Ear­li­er this week, Falafel Nation author Yael Raviv ques­tioned whether a shared cui­sine can real­ly bring about peace. She is blog­ging here all week as part of the Vis­it­ing Scribe series on The ProsenPeo­ple.

When my daugh­ters were young, their nurs­ery school host­ed a potluck din­ner each year. Par­ents were encour­aged to bring a dish that spoke to their home tra­di­tion and cul­ture. Being in New York City meant these potluck din­ners typ­i­cal­ly includ­ed a won­der­ful range of cuisines from a mul­ti­tude of for­eign coun­tries and Amer­i­can regions.

I have to admit, it nev­er even occurred to me to bring hum­mus or falafel to these gath­er­ings. I would typ­i­cal­ly pre­pare cheese bourekas (a savory, filled pas­try of Balkan ori­gin). I chose these pas­tries because when I was grow­ing up in Israel — and to this day — my father would make them often when we had com­pa­ny. They also hap­pen to be pop­u­lar Israel in gen­er­al, a com­mon street food, avail­able frozen in super­mar­kets or pre­pared at home with a vari­ety of fill­ings. They seemed to me a per­fect rep­re­sen­ta­tion of our family’s home cook­ing, while also being con­ve­nient­ly child-friendly. 

I always think of these potlucks when I’m asked if there is such a thing as Israeli cui­sine. It reminds me that a cui­sine is not com­prised of nation­al icons; it is rather what peo­ple cook and eat. Which is a com­pli­cat­ed idea to begin with, since how can you speak about Chi­nese cui­sine, for exam­ple, when each region’s food prod­ucts and dish­es are so dis­tinct? What about class dif­fer­ences? Can you speak of a sin­gle nation­al cui­sine when the aris­toc­ra­cy con­sumes some­thing com­plete­ly dif­fer­ent from the work­ing classes?

Israel, by con­trast, is fair­ly uni­form as far as region and class are con­cerned. It is, how­ev­er, com­prised of mul­ti­ple eth­nic groups, each one bring­ing a unique culi­nary tra­di­tion to the table. It is also impact­ed great­ly by the local, Pales­tin­ian cuisine.

Over the past few decades, many chefs, food writ­ers, restau­ra­teurs, blog­gers and potluck-bound moth­ers have been try­ing to artic­u­late and define Israeli cui­sine. If we look beyond a list of food­stuffs, we see typ­i­cal char­ac­ter­is­tics, like a great deal of fresh pro­duce and dairy, the pop­u­lar­i­ty of fried foods and baked goods, or the lack of leafy greens. But what stands out to me most­ly is an open­ness to out­side influ­ences, a flex­i­bil­i­ty and adapt­abil­i­ty. You can say every cui­sine changes, embraces new influ­ences and rejects oth­ers, but to me Israeli cui­sine is defined by it. 

In the ear­ly years of Zion­ism there was an active cam­paign to uni­fy eat­ing habits and cre­ate a uni­form nation­al diet. Over the years this melt­ing-pot phi­los­o­phy was replaced with greater open­ness and accep­tance. Grant­ed, for years the dom­i­nant East­ern and Cen­tral Euro­pean cul­tur­al tra­di­tions ruled supreme, but that has changed over time to embrace North African and Mid­dle East­er culi­nary tra­di­tions. More recent­ly, post-Sovi­et immi­gra­tion left its own mark on the Israeli culi­nary scene as well. Look­ing beyond eth­nic influ­ences, Israelis are well-trav­eled, and bring back knowl­edge and pas­sion for a vari­ety of glob­al cuisines: Ital­ian espres­so, Amer­i­can Ham­burg­ers, and sushi are among the many dish­es embraced whole­heart­ed­ly in Israel, not to men­tion hum­mus and falafel.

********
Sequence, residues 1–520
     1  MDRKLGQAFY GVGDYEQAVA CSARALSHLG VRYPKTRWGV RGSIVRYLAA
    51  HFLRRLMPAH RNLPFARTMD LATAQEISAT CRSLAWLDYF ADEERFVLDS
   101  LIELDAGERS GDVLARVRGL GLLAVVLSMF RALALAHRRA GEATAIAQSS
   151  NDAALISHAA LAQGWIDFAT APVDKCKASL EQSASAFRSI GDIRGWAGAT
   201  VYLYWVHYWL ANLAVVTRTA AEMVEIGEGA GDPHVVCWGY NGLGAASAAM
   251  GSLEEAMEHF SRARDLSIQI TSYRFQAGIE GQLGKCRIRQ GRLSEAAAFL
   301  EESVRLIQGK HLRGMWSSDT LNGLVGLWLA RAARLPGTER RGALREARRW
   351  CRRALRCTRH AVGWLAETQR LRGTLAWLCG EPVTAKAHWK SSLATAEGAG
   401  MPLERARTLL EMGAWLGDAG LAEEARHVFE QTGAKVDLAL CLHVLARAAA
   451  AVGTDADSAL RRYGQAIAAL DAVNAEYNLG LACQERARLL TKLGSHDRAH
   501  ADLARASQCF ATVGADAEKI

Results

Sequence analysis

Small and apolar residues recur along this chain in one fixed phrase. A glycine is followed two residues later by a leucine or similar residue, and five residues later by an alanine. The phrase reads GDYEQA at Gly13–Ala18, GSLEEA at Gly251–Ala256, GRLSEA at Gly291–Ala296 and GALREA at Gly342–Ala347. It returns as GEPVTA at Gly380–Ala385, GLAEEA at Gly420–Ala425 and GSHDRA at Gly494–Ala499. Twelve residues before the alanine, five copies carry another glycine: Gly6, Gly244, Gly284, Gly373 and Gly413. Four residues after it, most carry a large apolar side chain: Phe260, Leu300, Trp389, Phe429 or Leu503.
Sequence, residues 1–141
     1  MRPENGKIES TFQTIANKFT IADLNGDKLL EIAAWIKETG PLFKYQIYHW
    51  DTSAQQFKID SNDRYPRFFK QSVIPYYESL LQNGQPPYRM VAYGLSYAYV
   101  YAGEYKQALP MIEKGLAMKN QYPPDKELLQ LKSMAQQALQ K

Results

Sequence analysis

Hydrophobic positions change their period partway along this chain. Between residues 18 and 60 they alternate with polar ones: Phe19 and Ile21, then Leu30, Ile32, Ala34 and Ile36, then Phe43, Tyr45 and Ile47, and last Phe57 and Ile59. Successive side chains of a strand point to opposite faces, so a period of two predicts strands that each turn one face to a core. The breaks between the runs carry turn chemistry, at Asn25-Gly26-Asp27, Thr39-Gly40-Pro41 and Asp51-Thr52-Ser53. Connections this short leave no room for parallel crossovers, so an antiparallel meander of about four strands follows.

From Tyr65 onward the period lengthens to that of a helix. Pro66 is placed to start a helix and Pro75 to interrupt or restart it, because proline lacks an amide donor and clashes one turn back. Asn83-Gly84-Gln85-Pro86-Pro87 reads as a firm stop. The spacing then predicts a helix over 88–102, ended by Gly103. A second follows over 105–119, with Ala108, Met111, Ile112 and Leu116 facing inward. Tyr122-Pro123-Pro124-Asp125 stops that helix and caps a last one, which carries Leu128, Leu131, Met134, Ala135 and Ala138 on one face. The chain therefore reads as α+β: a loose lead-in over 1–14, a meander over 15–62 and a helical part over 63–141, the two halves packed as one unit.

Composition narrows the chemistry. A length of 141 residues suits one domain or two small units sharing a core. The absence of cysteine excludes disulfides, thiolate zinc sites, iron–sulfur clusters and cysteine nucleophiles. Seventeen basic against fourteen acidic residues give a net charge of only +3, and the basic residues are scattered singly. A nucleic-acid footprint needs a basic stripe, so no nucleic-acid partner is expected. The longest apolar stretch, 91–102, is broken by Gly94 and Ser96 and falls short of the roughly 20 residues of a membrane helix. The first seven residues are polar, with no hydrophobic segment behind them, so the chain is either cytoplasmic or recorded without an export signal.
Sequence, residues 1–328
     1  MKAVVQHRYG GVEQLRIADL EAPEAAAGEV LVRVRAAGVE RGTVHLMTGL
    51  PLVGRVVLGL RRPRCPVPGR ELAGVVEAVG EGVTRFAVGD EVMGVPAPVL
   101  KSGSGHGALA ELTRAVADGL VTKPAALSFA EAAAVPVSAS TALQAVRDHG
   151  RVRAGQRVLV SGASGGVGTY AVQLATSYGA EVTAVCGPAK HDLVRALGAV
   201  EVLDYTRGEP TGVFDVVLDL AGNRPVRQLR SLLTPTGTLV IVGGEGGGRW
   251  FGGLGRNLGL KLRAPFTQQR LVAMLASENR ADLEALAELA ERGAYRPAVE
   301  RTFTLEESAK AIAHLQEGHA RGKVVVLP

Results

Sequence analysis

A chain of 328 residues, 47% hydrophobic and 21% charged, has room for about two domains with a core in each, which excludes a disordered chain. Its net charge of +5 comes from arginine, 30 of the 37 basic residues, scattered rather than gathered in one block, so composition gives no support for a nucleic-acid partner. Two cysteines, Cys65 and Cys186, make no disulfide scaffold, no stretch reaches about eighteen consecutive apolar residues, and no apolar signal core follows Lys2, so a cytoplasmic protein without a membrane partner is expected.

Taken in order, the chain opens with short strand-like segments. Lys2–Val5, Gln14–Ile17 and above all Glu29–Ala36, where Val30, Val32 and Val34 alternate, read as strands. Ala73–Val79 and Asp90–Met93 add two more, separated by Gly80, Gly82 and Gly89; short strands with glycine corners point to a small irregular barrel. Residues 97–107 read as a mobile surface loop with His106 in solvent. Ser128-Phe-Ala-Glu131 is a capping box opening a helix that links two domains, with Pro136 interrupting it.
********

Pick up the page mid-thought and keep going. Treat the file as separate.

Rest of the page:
These dish­es are often trans­formed in some way, like the ubiq­ui­tous Israeli chick­en schnitzel, inspired by the Vien­nese recipe but replac­ing veal with chick­en cut­lets, now a typ­i­cal Israeli every­day meal. 

Asian condi­ments, Ital­ian grains and South Amer­i­can cook­ing uten­sils have become Israeli kitchen stan­dards, used in a range of dish­es and cir­cum­stances, com­bined with local ingre­di­ents and fla­vors. Trends may come and go, but, in my mind, there is some­thing about this open­ness of the Israeli kitchen, the com­bi­na­tion of world­li­ness with brash local adap­ta­tion that is per­haps the most pro­found char­ac­ter­is­tic of Israeli cuisine. 

Amiram’s Cheese Bourekas:

1 pack­age good qual­i­ty puff pas­try, thawed overnight in the fridge.
2 ½ pack­ages (around 20 ounces) farmer’s cheese
½ cup grat­ed feta cheese
½ cup grat­ed Mon­terey Jack or sim­i­lar cheese.
2 eggs
A dash of salt (remem­ber the cheese is already salty) and pepper. 

Pre­heat oven to 350°F.

Roll out a sheet of puff pas­try until very thin. 

Mix all oth­er ingre­di­ents except for 1 egg, and spread even­ly on the pas­try using a spatula. 

Roll the puff pas­try jel­ly-roll fash­ion until you have formed a log. 

You can freeze the log at this point until ready to use. 

Slice the log into indi­vid­ual cir­cles, like small cook­ies, about ¼ inch thick, using a ser­rat­ed knife. Arrange on a parch­ment paper cov­ered bak­ing sheet. 

Whisk the remain­ing egg light­ly and brush the tops.

Bake for 2025 min­utes. Serve warm. 

Yael Raviv is the direc­tor of the Uma­mi food and art fes­ti­val in New York City. Her book, Falafel Nation: Cui­sine and the Mak­ing of Nation­al Iden­ti­ty in Israel, is out from the Uni­ver­si­ty of Nebras­ka Press.

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